Home office: Pens capped, put away. Computer off. Bank statement, appalling credit card bill, shredded. Grownup desk-distraction toy—tiny, working miniature of my car—visible and ready if needed for floor racing again.

Hall bath: check potty lid again. Open and ready. Switch light on, to guard against seeker taking wrong

Master bedroom: Over-sized decorative bed pillows propped up, the better for TV-watching that masquerades as nap-taking. Dirty laundry yanked off bed, chair, and stool and hurled into hamper; what have I been doing this week? Perennial favorite, a small stuffed gorilla named Harry sent by my mother to make me laugh after I had surgery years back, nestled in usual position atop pillows, watching gamely for visitors.

Hall bath: one more confirmation of potty readiness. Can’t be too careful.

Breathe, now. Listen for door-knocking: any minute, the children will be here.

When the news came awhile back that my first grandchild was on the way, it was, in all candor, a major shock–a two-step process, like an earthquake and its attendant after-shock. The first-wave tremors brought joy, of course; I knew my daughter and her husband would be terrific parents and would cherish the child to come.

Then the aftershock rippled out: Wait! My daughter is having a baby, which means I’m about to become a…..well, I just couldn’t say it. The g-word simply would not emerge from my mouth. Sure, of course, naturally, the baby would be wonderful. But that, in turn, meant I was old enough to be a….(help me out and fill in that word here). Anyone who has been through this for the first time and has not been astonished to find herself old enough to welcome a new generation is…perhaps a more mature, self-aware adult than yours truly. But, I digress.

Once this news begins to spread, one of the first questions you get is, “What do you want to be called?”

This query generated enormous pressure, along with uncertainty, because, after all, don’t the children often make this decision by some comic happenstance? Best come up with a preference, I was advised, to at least steer it in a direction you like.

Still in denial, I began with the process of elimination. First: No g-words. Not Grandma, heaven forbid, or Granny, so much worse, or Nana (endearing and slightly historical, but not for me) or Grandmother (we are not the Queen of England, after all).

When scanning history for precedents, we all hear of examples that, like mosquitoes in August, cannot be eradicated with the most Olympian of efforts, but remain a bit embarrassing to explain to outsiders. Thankfully, these seem to victimize men a bit more frequently, who perhaps take it in better stride. There’s Peepaw (surely an accidental derivation of potty-training terminology), Pap-pap (is the grandfather a gynecologist?), and so forth.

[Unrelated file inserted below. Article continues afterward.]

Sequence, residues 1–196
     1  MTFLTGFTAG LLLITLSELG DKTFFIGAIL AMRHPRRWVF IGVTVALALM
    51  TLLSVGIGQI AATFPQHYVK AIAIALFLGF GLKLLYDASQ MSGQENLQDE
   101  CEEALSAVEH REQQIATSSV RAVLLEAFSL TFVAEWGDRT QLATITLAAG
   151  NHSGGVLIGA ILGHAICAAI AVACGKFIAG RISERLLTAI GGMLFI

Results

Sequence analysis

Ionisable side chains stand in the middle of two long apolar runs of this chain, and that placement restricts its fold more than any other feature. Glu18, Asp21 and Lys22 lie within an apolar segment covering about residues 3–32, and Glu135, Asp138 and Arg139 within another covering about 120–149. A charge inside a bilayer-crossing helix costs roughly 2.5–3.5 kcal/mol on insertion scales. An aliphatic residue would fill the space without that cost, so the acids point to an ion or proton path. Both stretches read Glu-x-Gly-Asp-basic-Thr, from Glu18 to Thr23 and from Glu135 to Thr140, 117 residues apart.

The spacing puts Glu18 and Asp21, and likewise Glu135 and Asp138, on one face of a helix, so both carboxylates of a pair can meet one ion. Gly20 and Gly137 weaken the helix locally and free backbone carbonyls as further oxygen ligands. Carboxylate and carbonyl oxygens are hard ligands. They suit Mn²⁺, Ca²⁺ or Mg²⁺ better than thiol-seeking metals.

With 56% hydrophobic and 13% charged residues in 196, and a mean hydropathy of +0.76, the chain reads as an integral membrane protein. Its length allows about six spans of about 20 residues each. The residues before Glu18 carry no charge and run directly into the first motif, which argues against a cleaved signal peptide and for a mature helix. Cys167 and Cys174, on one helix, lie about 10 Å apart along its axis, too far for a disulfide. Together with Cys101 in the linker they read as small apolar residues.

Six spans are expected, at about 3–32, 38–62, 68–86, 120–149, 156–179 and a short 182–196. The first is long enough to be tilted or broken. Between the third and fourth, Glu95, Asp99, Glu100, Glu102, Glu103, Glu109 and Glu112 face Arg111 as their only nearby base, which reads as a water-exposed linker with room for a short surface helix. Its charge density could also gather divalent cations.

Our family has its own share of these so-called originals. Addressing the relational question “Who’s that?” when my toddler older sister pointed at my grandmother, my Mom answered logically, “That’s MY mama.” This quickly morphed into, and forever remained, Mamama, along with, its companion, Dadaddy. (Imagine our surprise to learn, decades later, of another family, completely unrelated, whose children coined exactly the same names for exactly the same reasons. Another illusion of uniqueness, gone like the wind.) We called my paternal grandfather Bubba, which seems ironic, in these times. He was a highly successful dentist, an excellent golfer, a lover of fine cars and elegant clothes; he certainly bore no resemblance to the rough-edged image currently conjured by that moniker in the South, rightly or wrongly. However, I sense that he and I are kindred spirits across the generations. The story goes that he told my older sister that he was his son’s (my father’s) brother, unwilling, like me, to acknowledge his age. My sister babbled “Bubba” for “brother,” and so he became.

A formal market research survey—okay, I asked a few of my friends—revealed I was not alone in seeking a G-title that would not evoke gray hair in a bun, an apron at the waist, and enthronement in a rocking chair. One chose Mimi, which I think rather elegant and continental. Someone mentioned Lovie, which is charming, but on the sugary side. “I’m going to be called Gran,” said another. “To me, that’s much sexier than other versions of the G-word. I don’t want people to think I’m 100 years old.” And so, the new generations arrive, while some of us—and you know who you are–still look in the mirror and defy it to tell us the truth.

As for me, I finally landed on a derivation of my own name, the endearment my father called me: Evie. It’s informal enough to convey a special bond, short enough for a child to say easily, and, far, far away from other realities, with which I continue to grapple in my head and heart.

Nevertheless, I am especially partial to the name my small grandson came up with, for reasons that escaped us all, for his grandfather on his dad’s side. After all, when genius comes from your own flesh and blood, how can you resist? It is pithy, features alliteration, and it even conjures a classic Stephen Foster tune:


Sometimes you just can’t improve on the work of a master.